Privatization Around the States

Although Arizona has served as ground zero for more than 2 decades, the divestment of public education and privatization efforts are pushed across the nation. Arizona created the first ESA program in 2011. Florida, Mississippi, North Carolina, Tennessee, and Nevada have since adopted ESAs; however, Nevada’s remains unfunded.

Here is a helpful overview from the Education Law Center of voucher-related legal cases across the United States including use of public funds for private education, Tax Credit Scholarship Programs, Civil Rights (Vouchers for Students with Disabilities and Segregation), and Religion (First Amendment and Blaine Amendments). 

Wisconsin: Davis v. Grover, 480 N.W.2d 460 (Wis. 1992) found that a program providing vouchers for low-income children to attend non-sectarian schools did not violate public purpose doctrine requiring that public funds be spent only for public purposes or a state constitutional requirement that the legislature establish uniform school districts.


Florida: Bush v. Holmes, 919 So.2d 392 (Fla. 2006) found that a voucher program a) violated the state constitution because it diverted public money into a private education system, contravening a requirement that the public system be the only means of fulfilling the state’s education mandate and b) violated the uniformity requirement for public schools.


Arizona: Cain v. Horne, 202 P.3d 1178 (Ariz. 2009) found two voucher programs appropriating state funds for parents to use for private school did not violate the Arizona Constitution’s Religion Clause prohibiting appropriations for religious purposes but did violate its Aid Clause prohibiting appropriations of public money to aid private or sectarian schools.


Indiana: Meredith v. Pence, 984 N.E.2d 1213 (Ind. 2013) found that a voucher program did not violate the Education Clause of the Indiana state Constitution because it affords the legislature broad discretion to fulfill its duty and because the state still provided a uniform system of public schools. The program also did not violate the state constitution’s clauses regarding religion.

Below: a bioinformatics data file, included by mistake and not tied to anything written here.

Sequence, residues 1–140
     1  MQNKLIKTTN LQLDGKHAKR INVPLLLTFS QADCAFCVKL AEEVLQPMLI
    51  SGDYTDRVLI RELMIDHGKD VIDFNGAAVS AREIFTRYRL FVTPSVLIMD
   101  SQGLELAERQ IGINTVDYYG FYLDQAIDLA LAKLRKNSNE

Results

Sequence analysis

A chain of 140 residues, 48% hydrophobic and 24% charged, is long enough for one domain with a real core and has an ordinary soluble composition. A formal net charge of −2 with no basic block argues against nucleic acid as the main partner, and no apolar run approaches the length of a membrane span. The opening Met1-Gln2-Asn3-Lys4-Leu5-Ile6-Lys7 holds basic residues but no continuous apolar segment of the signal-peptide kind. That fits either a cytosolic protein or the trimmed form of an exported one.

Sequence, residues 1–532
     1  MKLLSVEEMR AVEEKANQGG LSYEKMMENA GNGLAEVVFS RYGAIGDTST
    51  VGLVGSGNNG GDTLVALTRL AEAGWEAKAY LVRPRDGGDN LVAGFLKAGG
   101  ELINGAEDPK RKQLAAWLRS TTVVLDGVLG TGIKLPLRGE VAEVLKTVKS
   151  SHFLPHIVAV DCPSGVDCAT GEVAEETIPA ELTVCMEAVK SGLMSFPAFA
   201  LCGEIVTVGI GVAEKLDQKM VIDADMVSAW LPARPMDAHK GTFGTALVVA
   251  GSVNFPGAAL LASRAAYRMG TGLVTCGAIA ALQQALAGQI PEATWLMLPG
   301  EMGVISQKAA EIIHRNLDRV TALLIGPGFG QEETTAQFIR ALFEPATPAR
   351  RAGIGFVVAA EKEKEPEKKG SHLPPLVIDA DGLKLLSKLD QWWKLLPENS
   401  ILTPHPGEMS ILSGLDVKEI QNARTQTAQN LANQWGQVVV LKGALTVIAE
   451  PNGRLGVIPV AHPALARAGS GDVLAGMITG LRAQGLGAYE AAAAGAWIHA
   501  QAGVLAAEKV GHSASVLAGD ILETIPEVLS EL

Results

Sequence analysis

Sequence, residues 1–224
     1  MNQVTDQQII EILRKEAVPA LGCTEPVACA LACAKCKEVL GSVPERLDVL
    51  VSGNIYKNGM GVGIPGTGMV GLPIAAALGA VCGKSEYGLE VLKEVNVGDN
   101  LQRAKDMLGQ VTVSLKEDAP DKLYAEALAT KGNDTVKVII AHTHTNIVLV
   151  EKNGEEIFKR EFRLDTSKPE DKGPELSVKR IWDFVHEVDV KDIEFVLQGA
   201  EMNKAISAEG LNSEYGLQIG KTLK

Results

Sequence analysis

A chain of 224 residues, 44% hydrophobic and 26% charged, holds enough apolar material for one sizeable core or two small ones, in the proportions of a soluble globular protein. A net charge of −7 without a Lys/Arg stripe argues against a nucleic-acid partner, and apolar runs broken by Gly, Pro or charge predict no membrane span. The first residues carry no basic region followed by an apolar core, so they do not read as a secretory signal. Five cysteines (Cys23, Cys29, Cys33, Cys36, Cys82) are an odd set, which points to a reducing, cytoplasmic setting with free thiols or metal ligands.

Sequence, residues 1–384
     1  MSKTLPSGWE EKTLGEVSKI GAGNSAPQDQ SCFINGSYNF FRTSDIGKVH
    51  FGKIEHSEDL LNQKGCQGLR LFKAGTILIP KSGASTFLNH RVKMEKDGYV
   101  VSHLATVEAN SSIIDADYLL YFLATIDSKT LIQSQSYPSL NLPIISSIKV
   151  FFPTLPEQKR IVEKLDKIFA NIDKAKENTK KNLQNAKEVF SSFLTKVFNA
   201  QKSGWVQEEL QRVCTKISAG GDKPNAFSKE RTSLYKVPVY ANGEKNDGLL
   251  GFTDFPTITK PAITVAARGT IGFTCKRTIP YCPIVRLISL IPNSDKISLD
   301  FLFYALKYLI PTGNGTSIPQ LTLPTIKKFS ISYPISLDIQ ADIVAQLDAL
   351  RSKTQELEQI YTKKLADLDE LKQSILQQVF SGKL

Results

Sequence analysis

Louisiana: Louisiana Fed’n of Teachers v. State of Louisiana, 118 So.3d 1033 (La. 2013) invalidated a voucher program because it violated the Louisiana Constitution by diverting Minimum Foundation Program funds from public to private schools.


Arizona: Niehaus v. Huppenthal, 310 P.3d 983 (Ariz. App. 2013) was declined review, thereby upholding a Court of Appeals ruling that found the Empowerment Scholarship Account voucher program does not violate the state constitution because funding can be used for a variety of educational expenses including, but not limited to, private school tuition. The court ruled that “the Religion Clause was not intended to place a blanket prohibition against channeling public funds to religious organizations, but rather to prohibit ‘assistance in any form whatsoever which would encourage or tend to encourage the preference of one religion over another, or religion per se over no religion.’”


North Carolina: Hart v. State of North Carolina, 368 N.C. 122 (N.C. 2015) found that a voucher program for low-income students did not violate the state constitution’s school funding provision because scholarships were funded from general revenue, and did not violate North Carolina’s constitution’s uniformity or public purpose provisions.


Nevada: Lopez v. Schwartz, 382 P.3d 886 (Nev. 2016) permanently enjoined implementation of broad Education Savings Accounts (ESA) voucher program because it unconstitutionally diverted funding provided by the legislature for public schools to pay for private educational expenses. The decision was ruled in January 2016, ruling in favor of parents challenging the ESA voucher program. An appeal to this decision was made by State Treasurer, Dan Schwartz. The Nevada Supreme Court unanimously upheld the previous ruling that the ESA program was unconstitutional (Education Law Center, 2019; Walker, 2017).

Scroll to Top